2. Two fiberglass rods.
  3. Measuring tape.
  4. Down line with a diver flag attached to a buoy.
  5. A mushroom anchor to hold the down line and western end of the transect line.
  6. A weight belt and weights to hold the the eastern end of the transect line.
  7. Underwater metal detector.
  8. Mylar slate and pencils (lots of pencils) for a survey plan.
  9. SCUBA gear, cylinder, compass, etc.

First, my student dive buddy and I brought with us a mushroom anchor and down line with a diver flag attached to a buoy. Then we swam to a screw anchor that held southern end of the baseline in place. At the screw anchor, my student dive buddy held the middle loop of the polypropylene transect line in place. I swam east, end of the transect line in-hand, to stretch out the transect line, which I tied to the weight belt so that it was secure. I inserted one of the fiberglass rods through the weight belt as a reference marker. Using my compass, I ensured that the line was on an east-west, or 180 degree, bearing. I swam back to my dive buddy, stretched out the other half of the transect line, secured it to the mushroom anchor, and used my compass to make sure the east-west bearing was still accurate. I then planted the other fiberglass rod through the mushroom anchor.

Now the survey could start.

My dive buddy and I swam east-west along the ten meter transect line with the underwater metal detector in hand. Covering two meters to north and south of the transect line with the metal detector, we would pick up pings and then mark their location on the Mylar survey plan slate. As the designated metal detector holder (aka “Wielder of Truth”), I would tap my dive buddy’s mask every time I heard a ping and my dive buddy would mark its location on the slate. After we cleared the ten meter transect line, we would measure and move the line two meters south and repeat the survey. When five survey tracts were completed, we would have covered a 10×10 meter area south of the site.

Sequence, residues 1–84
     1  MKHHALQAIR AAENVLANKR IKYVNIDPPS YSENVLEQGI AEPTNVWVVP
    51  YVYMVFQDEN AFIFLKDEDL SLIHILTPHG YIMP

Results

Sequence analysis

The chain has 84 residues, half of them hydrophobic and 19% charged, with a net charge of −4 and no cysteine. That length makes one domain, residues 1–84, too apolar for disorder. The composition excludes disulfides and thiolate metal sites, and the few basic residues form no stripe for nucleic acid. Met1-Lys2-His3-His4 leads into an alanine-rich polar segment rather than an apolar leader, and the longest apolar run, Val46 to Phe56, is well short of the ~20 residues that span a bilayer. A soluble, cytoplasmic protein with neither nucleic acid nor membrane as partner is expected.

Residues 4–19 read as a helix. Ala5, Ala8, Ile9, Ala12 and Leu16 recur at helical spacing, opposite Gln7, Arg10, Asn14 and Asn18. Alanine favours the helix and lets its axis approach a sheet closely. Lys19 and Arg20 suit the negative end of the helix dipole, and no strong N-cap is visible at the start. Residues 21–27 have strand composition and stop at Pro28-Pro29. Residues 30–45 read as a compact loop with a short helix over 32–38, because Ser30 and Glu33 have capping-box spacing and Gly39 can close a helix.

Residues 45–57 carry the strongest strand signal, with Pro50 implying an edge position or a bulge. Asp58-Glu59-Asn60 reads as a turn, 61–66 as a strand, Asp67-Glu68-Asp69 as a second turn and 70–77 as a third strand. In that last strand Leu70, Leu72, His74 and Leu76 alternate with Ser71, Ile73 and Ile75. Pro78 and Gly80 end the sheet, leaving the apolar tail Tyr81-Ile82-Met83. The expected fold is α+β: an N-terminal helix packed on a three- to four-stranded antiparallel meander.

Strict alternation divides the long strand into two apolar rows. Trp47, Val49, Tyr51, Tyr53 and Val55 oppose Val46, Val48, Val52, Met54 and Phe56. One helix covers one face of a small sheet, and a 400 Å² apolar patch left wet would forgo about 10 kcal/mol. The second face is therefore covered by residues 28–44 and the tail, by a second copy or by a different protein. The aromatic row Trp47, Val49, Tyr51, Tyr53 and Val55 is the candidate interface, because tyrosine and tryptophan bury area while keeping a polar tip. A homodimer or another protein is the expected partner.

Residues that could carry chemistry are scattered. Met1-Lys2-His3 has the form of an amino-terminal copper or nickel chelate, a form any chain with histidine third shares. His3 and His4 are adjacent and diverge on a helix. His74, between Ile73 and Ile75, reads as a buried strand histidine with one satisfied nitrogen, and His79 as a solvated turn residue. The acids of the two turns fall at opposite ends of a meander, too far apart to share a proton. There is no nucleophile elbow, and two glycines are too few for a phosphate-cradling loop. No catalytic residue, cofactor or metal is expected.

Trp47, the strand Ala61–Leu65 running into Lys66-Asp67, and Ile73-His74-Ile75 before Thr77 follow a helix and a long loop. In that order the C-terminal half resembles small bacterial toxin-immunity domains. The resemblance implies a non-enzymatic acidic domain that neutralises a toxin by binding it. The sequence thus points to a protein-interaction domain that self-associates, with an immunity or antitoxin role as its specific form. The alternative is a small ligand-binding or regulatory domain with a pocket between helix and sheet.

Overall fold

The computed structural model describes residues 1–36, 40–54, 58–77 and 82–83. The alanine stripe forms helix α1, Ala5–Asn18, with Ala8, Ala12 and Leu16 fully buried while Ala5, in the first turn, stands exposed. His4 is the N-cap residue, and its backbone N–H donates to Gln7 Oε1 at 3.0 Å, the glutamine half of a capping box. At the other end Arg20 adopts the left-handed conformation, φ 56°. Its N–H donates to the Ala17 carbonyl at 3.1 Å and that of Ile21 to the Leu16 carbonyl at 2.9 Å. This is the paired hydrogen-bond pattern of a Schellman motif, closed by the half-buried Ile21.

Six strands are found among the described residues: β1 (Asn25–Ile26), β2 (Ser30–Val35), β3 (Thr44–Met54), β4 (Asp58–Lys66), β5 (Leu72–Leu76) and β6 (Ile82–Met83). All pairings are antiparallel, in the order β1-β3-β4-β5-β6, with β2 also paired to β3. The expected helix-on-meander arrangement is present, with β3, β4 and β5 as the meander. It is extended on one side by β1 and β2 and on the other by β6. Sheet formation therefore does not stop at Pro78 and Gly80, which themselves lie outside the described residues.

Believe it or not, the metal detector survey to delineate the Storm Wreck was a resounding success. All students and supervisors had an opportunity to conduct the survey around the northern, eastern, western, and southern periphery of the Storm Wreck site. LAMP staff hope to superimpose the results of the survey on an up-to-date site plan of the wreck. Piece of cake.

Figure 2. “Trust me, I’m an archaeologist.”

Figure 2. “Trust me, I’m an archaeologist.”

Photo Journal of Project SAMPHIRE: The First Five Days – Oban to Rasaay

By: Chelsea Colwell-Pasch

Project SAMPHIRE is now in full swing as the team island hops along Scotland’s Western coast and islands aboard DVS Kylebhan (Figure 1). The team travelled from Oban, mainland Scotland, to the Isle of Rasaay in the first five days, conducting archaeological surveys both above and below the water and spanning Mesolithic sites to nineteenth Century shipwrecks.

Figure 1. DVS Kylebhan is a 20 metre (67 feet) trawler converted to a dive charter boat. It can accommodate 12 passengers and is very comfortable for the SAMPHIRE team of six plus the two crew (Photo by: Chelsea Colwell-Pasch)

Figure 1. DVS Kylebhan is a 20 metre (67 feet) trawler converted to a dive charter boat. It can accommodate 12 passengers and is very comfortable for the SAMPHIRE team of six plus the two crew (Photo by: Chelsea Colwell-Pasch)

This year’s Project SAMPHIRE has six potential archaeological sites slated for investigation, however other sites were and are still being located during the course of the field work and added to the Project’s mandate. This blog is a photo journal of the first five days of Project SAMPHIRE’s journey and archaeological investigations.

Day One: Oban to Tobermory (Isle of Mull)

Figure 2. The steam Northwest to Tobermory, Isle of Mull from Oban on mainland Scotland.

Figure 2. The steam Northwest to Tobermory, Isle of Mull from Oban on mainland Scotland.

Figure 3.  Prof. Kurt Lambeck (Australian National University, Canberra) presenting his lecture on glacial rebound in Scotland at the Scottish Association for Marine Science (SAMS) (Photo by: Chelsea Colwell-Pasch).

Figure 3. Prof. Kurt Lambeck (Australian National University, Canberra) presenting his lecture on glacial rebound in Scotland at the Scottish Association for Marine Science (SAMS) (Photo by: Chelsea Colwell-Pasch).